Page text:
Saturday, May 18, 2013
As legislators prepare to consider Gov. Paul LePage's proposal to suspend revenue sharing with cities and towns for the next two fiscal years, municipal officials in southern Maine are preparing for an impact that could force tax increases and service cuts.
While some say it's too early to tell the true cost to cities and towns, others see little chance of escaping at least some of the shift in costs to local governments and property taxpayers.
Next week, independent Sen. Dick Woodbury of Yarmouth will begin a series of meetings in several suburban communities to discuss the state budget and get residents' feedback about their priorities.
"I think there is a lot of brainstorming going on to identify alternative approaches," said Woodbury, who said he is optimistic about producing compromises. "This budget has created some opportunities for innovative thinking about how we finance government."
Yarmouth will host the first session, on Monday, with other forums planned in Cumberland, Falmouth, Gray and North Yarmouth.
Town officials from throughout the region said it's still too early for local governments to determine the exact impact of the governor's proposal to suspend revenue sharing for the two years starting July 1. But most said the effects could fall squarely on homeowners.
As in recent years, cities and towns would have to balance possible cuts to services and programs with possible increases to property taxes.
Yarmouth Town Manager Nat Tupper said he will be interested to hear how attitudes about local government have changed and what residents say about the shifting of state budget problems onto property taxpayers.
The state has reduced revenue sharing in the past to close budget shortfalls, but the idea of suspending it altogether came as a surprise.
"It's been pretty disrespectful and pretty hostile for several years, and I'm not talking just about the current governor," Tupper said. "(LePage's proposal) doesn't change the dynamic, it just adds to the resentment and difficulty."
Portland Mayor Michael Brennan has vociferously opposed the cost shift to cities and towns.
"I hope the Legislature looks at a more reasonable, tempered approach ... and chooses not to balance the budget on the backs of municipalities," said Brennan, a former lawmaker.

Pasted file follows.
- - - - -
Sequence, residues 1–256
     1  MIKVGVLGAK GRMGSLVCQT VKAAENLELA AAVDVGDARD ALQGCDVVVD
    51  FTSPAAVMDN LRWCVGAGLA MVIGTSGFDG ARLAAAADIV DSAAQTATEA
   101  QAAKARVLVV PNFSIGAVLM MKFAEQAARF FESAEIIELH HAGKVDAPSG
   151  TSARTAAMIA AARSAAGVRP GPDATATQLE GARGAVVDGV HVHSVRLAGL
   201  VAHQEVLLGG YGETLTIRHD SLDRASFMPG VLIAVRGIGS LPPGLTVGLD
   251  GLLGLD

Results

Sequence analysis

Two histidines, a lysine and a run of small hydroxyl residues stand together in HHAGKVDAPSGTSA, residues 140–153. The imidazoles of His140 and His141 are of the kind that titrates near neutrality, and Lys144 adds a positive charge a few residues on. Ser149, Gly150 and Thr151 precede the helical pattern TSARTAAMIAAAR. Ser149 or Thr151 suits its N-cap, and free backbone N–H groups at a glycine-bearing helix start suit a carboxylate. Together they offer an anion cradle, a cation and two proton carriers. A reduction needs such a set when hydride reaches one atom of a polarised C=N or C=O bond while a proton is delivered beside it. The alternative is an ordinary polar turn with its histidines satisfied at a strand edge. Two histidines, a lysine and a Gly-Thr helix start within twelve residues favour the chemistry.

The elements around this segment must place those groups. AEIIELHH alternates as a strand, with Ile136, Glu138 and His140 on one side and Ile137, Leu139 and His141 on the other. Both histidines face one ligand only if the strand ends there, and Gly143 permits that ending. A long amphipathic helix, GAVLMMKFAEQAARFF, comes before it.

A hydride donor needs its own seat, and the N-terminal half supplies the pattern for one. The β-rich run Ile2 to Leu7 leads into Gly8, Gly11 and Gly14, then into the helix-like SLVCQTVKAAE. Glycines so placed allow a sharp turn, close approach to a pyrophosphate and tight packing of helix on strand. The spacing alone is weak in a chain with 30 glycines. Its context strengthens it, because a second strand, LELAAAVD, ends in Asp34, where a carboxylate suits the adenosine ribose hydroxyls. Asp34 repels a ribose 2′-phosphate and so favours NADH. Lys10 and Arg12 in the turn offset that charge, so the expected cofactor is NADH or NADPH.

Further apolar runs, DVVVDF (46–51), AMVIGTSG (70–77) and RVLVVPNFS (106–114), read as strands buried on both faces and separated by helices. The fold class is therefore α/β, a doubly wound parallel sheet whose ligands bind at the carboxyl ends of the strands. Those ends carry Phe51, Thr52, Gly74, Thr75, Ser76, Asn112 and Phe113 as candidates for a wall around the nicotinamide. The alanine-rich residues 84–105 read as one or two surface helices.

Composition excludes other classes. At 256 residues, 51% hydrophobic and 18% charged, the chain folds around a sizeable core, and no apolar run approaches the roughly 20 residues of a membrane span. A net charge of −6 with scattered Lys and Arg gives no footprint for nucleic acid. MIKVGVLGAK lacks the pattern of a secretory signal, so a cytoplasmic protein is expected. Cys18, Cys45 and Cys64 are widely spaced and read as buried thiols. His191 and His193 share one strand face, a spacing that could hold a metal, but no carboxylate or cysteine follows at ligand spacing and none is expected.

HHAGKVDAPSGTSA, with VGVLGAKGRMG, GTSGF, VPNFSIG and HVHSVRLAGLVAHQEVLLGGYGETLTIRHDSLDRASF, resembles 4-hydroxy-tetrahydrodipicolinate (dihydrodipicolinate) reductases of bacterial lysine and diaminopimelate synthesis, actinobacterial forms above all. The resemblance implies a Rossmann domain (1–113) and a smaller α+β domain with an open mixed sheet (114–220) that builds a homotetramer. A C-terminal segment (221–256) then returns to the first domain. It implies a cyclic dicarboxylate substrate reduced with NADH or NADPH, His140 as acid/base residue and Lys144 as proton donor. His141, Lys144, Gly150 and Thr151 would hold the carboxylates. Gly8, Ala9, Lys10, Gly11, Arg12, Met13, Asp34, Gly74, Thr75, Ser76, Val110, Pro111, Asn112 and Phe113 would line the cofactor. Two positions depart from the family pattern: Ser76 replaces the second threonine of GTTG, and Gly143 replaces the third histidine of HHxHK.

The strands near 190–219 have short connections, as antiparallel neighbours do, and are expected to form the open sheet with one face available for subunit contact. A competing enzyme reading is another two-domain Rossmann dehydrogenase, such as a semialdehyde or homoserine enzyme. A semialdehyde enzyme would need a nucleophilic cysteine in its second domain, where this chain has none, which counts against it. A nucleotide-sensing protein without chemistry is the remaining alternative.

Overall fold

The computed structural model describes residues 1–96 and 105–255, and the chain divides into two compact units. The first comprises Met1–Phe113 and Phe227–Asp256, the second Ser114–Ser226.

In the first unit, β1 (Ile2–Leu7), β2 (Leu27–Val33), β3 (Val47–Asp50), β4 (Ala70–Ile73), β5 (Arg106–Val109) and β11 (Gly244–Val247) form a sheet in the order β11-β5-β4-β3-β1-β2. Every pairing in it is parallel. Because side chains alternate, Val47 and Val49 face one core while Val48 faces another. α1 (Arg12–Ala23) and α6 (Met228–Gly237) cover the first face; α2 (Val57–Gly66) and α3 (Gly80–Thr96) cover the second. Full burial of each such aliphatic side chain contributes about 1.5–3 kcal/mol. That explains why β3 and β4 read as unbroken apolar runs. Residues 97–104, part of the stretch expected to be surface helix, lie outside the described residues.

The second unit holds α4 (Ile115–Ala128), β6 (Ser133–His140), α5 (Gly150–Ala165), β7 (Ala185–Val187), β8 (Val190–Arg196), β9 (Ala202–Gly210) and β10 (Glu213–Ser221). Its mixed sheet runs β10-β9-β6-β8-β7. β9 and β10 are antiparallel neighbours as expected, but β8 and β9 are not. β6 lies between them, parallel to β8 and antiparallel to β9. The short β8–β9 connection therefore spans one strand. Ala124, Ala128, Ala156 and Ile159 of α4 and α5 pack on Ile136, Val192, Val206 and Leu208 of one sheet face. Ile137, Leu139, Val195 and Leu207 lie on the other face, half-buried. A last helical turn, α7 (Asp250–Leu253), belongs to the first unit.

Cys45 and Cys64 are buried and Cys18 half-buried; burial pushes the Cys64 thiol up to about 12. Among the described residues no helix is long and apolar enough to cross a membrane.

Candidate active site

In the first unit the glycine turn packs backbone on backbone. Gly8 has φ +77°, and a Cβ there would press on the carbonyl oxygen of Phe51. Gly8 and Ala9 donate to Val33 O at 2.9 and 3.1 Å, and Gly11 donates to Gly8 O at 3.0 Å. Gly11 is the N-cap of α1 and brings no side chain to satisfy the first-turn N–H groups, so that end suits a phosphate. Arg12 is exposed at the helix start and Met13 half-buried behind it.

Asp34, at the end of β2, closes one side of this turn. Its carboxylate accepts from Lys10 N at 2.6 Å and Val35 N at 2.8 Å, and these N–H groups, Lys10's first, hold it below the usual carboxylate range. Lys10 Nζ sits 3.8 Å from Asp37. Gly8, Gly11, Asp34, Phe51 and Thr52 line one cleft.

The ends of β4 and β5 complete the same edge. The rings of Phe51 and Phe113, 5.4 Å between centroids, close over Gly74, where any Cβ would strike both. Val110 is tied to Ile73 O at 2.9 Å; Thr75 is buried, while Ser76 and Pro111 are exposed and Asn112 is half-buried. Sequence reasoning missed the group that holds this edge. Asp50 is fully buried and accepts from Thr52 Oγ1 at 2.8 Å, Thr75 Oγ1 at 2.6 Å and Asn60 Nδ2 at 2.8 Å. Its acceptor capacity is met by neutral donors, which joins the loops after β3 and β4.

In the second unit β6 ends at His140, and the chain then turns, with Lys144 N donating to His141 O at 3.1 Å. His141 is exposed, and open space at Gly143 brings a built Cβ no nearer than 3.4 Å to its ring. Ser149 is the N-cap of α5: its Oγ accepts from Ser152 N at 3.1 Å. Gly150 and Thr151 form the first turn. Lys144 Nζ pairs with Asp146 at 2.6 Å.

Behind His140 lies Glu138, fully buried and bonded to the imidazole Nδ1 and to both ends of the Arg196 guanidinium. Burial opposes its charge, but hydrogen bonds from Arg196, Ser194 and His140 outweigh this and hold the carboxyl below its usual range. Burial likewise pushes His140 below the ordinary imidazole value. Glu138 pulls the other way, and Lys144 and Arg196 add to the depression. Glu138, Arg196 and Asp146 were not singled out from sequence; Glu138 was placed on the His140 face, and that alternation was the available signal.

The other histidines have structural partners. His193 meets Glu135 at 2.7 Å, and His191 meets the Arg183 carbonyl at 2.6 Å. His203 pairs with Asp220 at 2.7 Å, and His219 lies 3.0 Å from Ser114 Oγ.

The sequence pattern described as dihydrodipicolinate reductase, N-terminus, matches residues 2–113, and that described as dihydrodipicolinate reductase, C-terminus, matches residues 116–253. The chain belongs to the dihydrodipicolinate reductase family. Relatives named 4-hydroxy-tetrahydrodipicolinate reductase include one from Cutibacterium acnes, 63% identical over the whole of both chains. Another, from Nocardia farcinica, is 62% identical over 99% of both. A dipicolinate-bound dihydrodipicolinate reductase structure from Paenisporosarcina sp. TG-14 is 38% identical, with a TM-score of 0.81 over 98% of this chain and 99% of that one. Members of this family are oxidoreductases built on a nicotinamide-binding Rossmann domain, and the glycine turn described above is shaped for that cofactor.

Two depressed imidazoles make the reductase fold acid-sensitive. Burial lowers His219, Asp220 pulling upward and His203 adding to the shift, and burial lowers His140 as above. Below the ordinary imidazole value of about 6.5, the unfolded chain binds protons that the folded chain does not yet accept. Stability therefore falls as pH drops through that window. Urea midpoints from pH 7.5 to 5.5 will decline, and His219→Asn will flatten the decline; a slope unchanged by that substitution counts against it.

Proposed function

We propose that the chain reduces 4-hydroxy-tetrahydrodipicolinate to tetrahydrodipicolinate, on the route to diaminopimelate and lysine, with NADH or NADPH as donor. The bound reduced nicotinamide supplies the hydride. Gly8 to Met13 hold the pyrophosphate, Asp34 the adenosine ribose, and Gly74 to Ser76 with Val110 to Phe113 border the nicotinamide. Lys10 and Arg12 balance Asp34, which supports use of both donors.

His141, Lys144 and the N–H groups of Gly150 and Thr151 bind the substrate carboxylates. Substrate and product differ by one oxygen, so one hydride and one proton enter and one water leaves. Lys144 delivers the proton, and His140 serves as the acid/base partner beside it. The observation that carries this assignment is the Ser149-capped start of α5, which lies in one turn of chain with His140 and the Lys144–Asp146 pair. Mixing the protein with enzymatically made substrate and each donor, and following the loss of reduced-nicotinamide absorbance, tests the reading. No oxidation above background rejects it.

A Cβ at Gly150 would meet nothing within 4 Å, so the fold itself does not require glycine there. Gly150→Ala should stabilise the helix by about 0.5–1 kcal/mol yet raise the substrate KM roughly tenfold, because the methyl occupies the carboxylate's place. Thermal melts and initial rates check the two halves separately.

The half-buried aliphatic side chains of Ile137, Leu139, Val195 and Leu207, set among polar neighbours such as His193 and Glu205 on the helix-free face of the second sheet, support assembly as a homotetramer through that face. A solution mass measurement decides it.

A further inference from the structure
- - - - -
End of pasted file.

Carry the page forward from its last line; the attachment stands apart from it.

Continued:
Since LePage introduced his budget on Jan. 11, Brennan has said the suspension of revenue sharing could be a nonstarter for legislators.
In Portland, where revenue sharing accounts for $6.1 million of a projected $162.5 million budget, the property tax rate would have to jump roughly 81 cents, to $19.63 per $1,000 of assessed valuation, to offset the loss, according to figures provided by the city. That would add $162 to the annual tax bill for a home assessed at $200,000.
"We certainly have a long discussion and debate ahead of us," Brennan said.
In his weekly radio address Saturday, LePage stood behind the temporary elimination of revenue sharing, which would save the state a total of $200 million over two years. He said towns and cities must share the burden and operate more efficiently.
Some managers, including South Portland City Manager Jim Gailey, said they doubt the suspension really would be temporary, citing similar promises when Gov. John Baldacci used portions of revenue-sharing to help balance the state budget.
In South Portland, the loss of revenue sharing and other possible cost shifts would push the tax rate up as much as 83 cents, to $17.33 per $1,000 of valuation, Gailey said. That would add $166 in taxes on a house worth $200,000.
Asked if he believes that LePage would restore the funding after two years, Gailey said, "I just don't see that happening."
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